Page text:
BRISTOL — New tires and new rules equals more crashes.
It didn’t take long for the first caution to fly in Friday afternoon’s first NASCAR Sprint Cup Series practice at Bristol Motor Speedway.
Four minutes to be exact before Danica Patrick lost control of her No. 10 Chevrolet and collected the No. 30 of Parker Kligerman in a wreck which sent both drivers to back-up cars.
However, they weren’t alone in leaving the first practice session with torn-up race cars.
With Goodyear bringing new tires to race in this Sunday’s Food City 500 and NASCAR’s new rules which place a greater emphasis on winning races, drivers were already going all on Friday.
The result was some of the top drivers in the sport went beyond the limits and ended up wrecked.
Before the practice session ended, Kyle Busch, Greg Biffle, Matt Kenseth and Ricky Stenhouse Jr. all had hit the wall.
Biffle’s crash was the most significant.
He lost the front end of the No. 16 Ford coming off turn four and when he tried to correct it, the car wiggled and then it shot down to bounce off the inside retaining wall.
His Roush-Fenway Racing crew immediately knew it was big trouble. Just minutes later, they pulled his back-up car out of the transporter.
Ryan Newman, driver of the No. 31 Richard Childress Racing Chevrolet, didn’t tear up anything in the practice session. Still, he had a good idea why his competitors were struggling so mightly.
“We sat there and watched a few guys crash,” Newman said. “It seems like the cars are really, really sensitive to some changes just because the cars are so stiff now because of the rigidity of how we’re running them. Once you lose it, you really lose it; which is kind of what we’ve seen. More aerodynamic-related at other race tracks; but here, more mechanical-related.”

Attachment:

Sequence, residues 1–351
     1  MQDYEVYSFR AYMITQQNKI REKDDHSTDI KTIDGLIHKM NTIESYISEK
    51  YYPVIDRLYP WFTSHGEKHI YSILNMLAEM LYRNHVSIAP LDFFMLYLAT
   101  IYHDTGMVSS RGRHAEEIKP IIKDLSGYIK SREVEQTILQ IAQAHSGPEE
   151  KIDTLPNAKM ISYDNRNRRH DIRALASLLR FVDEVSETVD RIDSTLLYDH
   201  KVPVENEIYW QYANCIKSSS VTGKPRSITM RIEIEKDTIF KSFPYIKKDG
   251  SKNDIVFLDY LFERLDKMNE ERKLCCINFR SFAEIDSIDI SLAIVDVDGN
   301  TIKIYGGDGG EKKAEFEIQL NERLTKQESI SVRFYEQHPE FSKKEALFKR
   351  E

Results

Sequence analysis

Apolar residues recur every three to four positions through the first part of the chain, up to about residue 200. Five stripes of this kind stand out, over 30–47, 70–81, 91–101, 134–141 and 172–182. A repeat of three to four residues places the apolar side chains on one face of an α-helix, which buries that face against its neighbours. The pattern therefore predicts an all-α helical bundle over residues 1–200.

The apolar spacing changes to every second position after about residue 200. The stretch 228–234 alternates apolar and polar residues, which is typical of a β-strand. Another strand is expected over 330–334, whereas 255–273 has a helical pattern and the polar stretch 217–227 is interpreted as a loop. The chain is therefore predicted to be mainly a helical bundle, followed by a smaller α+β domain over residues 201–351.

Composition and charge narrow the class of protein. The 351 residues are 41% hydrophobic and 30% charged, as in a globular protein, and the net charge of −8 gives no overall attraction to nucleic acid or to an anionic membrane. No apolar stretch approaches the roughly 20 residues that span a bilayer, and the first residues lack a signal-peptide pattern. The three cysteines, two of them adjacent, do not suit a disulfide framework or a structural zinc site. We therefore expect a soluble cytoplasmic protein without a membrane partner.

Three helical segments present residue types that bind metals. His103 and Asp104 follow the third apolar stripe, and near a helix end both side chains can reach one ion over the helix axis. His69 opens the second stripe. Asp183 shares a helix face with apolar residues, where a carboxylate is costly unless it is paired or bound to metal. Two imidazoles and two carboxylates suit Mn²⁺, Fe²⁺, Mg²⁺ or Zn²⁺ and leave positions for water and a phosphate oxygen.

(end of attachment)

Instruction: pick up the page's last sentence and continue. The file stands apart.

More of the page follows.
Newman added his team noticed chunks of rubber forming and coming off the tires more than in recent years. Goodyear brought a much different tire compound to Bristol than a concrete-specific tire they brought in the past.
When a race car gets on the rubber marbles which come off the tires, it’s virtually the same as hitting gravel in a street car. There isn’t the control one has driving on dry pavement.
On a tight oval like Bristol, it also cuts down the amount of race track which drivers can use.
A driver’s car often skates up the track when it hits the marbles. It can cause the driver to lose momentum and lose confidence for a few laps, or even worse case slide up to the wall and tear up the car.
“When it marbles-up and you get up into the marbles, it takes two or three laps sometimes to get back going again,” Newman explained. “And that’s sometimes 20 or 30 positions. You want to have the confidence in the race track and your race car to be able to put it anywhere so that you can pass at any time. Obviously, the track is pretty narrow. So, giving us the ability to move around is a good thing.”
There is only so much room a driver has to move around with the marbles.
Newman said the track itself is good, but if a driver gets out of the groove, it can be Katy bar the door. He explained though it is the driver’s job to test the limit without hopefully going over it.
“Oh, there’s a lot of grip,” Newman said about the racing groove. “Once you lose that grip, it’s gone. That’s a full slide. You have to run it right there on the edge to kind of feel it.”comments powered by Disqus